A global standard for the size of aeroplane hand luggage has been suggested, to avoid passenger confusion and speed up travel. Would it work and will it happen, asks Justin Parkinson.
It’s a pain for passengers. Ramming a bag into a luggage-size gauge before boarding a plane, and facing a fine if it doesn’t fit, can lead to angry outbursts.
To add to the frustration and confusion, airlines have different standards. But the International Air Transport Association (IATA) has devised an “optimum” for cabin luggage.
It recommends 55 x 35 x 20 cm (21.5 x 13.5 x 7.5 inches), meaning “that theoretically everyone should have a chance to store their carry-on bags on board aircraft of 120 seats or larger”. That’s smaller than the maximum allowed by Easyjet, Ryanair, Thomas Cook,Virgin Atlantic and BA.
The change will “help to iron out inconsistencies and lead to an improved passenger experience”, says Tom Windmuller, IATA’s senior vice-president for airport, passenger, cargo and security.
Currently, if everyone brings a maximum-sized bag on board, it can result in full overhead lockers, with excess hand luggage having to be placed in the plane’s main hold for the duration of the flight before being handed back.
“The revolution’s already happened,” says David Learmount, consulting editor at Flight Global magazine. “Low-cost, short flights and charges for large luggage mean that many people are carrying everything they need with them in the cabin, rather than dropping off and collecting suitcases at airports. Firms like Ryanair have changed our habits totally.”
|Maximum free cabin luggage dimensions for standard passengers|
|IATA recommendation||55 x 35 x 20cm|
|BA||56 x 45 x 25cm|
|Easyjet||56 x 45 x 25cm|
|Ryanair||55 x 40 x 20cm|
|Thomas Cook||55 x 40 x 20cm|
|Virgin Atlantic||56 x 36 x 23cm|
|Lufthansa||55 x 40 x 23cm (57 x 54 x 15cm for foldable garment bags)|
|American Airlines||56 x 36 x 23cm|
|United Airlines||56 x 35 x 22cm|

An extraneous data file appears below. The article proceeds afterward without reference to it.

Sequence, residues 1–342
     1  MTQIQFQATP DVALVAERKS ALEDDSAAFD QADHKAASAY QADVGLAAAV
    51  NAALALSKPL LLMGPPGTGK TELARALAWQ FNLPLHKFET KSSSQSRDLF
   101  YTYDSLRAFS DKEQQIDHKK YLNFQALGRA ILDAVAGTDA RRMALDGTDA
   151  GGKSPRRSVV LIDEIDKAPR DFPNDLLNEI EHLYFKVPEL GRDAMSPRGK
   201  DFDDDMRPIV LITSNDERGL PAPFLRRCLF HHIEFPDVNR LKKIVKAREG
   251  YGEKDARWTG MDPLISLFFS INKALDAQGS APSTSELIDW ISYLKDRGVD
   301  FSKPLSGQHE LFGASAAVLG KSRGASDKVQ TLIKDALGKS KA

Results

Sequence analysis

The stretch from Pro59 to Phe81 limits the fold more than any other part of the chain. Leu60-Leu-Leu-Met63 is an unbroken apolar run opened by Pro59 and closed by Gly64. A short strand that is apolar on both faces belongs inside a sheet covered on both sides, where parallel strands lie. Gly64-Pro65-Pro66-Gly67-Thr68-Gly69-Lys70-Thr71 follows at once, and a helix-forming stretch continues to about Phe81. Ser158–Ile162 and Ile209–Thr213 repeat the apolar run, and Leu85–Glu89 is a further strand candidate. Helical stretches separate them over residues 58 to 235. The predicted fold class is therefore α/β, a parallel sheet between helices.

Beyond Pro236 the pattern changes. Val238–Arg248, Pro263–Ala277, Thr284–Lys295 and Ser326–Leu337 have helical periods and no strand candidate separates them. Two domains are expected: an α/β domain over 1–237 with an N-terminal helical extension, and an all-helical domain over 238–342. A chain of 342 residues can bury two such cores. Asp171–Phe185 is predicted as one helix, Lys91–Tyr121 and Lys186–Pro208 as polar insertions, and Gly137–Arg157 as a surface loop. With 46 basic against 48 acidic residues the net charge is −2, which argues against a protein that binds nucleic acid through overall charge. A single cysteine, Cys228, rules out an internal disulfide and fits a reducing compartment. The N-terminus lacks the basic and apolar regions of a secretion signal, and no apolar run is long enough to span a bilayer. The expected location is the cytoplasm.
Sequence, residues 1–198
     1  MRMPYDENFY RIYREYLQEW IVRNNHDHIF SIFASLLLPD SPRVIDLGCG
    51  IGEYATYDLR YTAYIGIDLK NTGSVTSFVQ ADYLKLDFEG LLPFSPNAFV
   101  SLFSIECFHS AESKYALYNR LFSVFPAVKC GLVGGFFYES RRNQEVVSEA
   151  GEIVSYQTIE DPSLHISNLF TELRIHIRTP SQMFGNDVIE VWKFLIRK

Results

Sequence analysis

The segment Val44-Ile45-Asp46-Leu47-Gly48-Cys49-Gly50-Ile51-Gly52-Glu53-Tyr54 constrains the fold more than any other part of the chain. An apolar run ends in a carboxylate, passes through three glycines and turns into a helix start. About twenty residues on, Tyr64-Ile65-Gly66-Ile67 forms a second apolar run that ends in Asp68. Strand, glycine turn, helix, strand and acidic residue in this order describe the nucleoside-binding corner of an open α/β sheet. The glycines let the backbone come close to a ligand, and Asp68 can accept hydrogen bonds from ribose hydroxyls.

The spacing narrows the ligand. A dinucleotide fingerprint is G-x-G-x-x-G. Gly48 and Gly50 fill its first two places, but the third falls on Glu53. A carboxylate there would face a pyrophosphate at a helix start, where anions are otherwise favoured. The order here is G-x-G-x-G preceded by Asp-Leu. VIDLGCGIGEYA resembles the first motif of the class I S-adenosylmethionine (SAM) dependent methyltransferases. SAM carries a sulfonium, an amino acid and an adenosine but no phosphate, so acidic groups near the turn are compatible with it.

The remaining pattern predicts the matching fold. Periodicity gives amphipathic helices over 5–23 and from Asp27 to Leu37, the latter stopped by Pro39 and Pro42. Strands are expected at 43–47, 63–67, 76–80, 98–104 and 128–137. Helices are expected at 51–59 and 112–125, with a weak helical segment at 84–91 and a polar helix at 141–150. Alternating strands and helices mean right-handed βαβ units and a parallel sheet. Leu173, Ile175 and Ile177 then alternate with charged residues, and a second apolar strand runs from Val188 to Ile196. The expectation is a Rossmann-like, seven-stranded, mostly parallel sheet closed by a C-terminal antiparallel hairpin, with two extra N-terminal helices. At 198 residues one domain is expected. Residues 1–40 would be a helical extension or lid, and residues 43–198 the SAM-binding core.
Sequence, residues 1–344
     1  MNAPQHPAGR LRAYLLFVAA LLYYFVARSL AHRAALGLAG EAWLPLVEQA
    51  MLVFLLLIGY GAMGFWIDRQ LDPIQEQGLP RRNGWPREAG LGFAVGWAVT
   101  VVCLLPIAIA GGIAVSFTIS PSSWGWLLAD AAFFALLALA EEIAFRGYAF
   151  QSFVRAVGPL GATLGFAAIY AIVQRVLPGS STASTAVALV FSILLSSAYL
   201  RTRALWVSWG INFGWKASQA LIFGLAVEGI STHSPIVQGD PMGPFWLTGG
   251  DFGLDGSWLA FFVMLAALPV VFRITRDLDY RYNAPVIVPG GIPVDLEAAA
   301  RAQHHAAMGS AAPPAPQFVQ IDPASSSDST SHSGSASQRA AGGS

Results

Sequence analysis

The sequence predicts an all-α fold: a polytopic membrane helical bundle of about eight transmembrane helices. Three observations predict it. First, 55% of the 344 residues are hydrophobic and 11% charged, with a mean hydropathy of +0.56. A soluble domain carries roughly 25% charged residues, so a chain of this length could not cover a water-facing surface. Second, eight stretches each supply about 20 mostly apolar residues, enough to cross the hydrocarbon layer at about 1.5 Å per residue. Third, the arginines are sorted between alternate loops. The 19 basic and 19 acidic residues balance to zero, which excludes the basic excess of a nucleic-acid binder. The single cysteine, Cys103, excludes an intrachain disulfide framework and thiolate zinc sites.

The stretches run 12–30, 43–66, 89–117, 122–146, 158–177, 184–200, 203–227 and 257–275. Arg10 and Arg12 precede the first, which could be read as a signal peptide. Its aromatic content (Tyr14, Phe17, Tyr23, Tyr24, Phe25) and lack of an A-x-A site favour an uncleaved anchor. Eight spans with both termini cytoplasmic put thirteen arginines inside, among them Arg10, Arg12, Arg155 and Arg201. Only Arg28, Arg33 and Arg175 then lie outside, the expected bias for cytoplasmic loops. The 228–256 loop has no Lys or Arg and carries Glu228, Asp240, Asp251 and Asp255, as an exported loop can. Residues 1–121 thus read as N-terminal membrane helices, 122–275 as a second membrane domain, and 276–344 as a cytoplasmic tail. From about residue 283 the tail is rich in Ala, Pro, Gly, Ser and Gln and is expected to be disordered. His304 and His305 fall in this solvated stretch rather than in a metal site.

|Delta Airlines||56 x 35 x 23cm|
|Air France||55 x 35 x 25cm|
|Emirates||55 x 38 x 20cm|
|Wizz Air||42 x 32 x 25cm|
|Germanwings||55 x 40 x 23cm|
|Flybe||55 x 40 x 23cm|
|US Federal Aviation Authority “standard” bag||55.8 x 36.8 x 22.9cm|
IATA is only a trade body and can’t enforce its regulations, he adds. But a smaller per-passenger capacity could save airlines time in dealing with excess cabin luggage, “and time is money”, Learmount says.
Some operators use planes with a smaller capacity than the 120 passengers mentioned in IATA’s guidelines. But standard Boeing 737s and Airbus A320s are bigger than this, meaning they would be covered.
Airbus is increasing the width of overhead lockers on A320s from next year, to accommodate more bags which are the US Federal Aviation Authority (FAA) “standard” size – 55.8cm x 36.8cm x 22.9cm – or even slightly larger. Up to eight could fit in a single section if laid next to each other on their sides, it says, meaning 60% more total cabin luggage could be stored.
IATA has developed an “IATA Cabin OK” logo sticker to signify to airline staff that a bag meets its new size guidelines, smaller than the FAA’s. It says a “number of major international airlines have signalled their interest” in joining the scheme.
“Several major baggage manufacturers have developed products in line with the optimum size guidelines, and it is expected bags carrying the identifying label will start to reach retail shops later this year,” IATA says.
Whether it will be taken up and make life more pleasant for passengers remains to be seen.
(BBC 11 June 2015)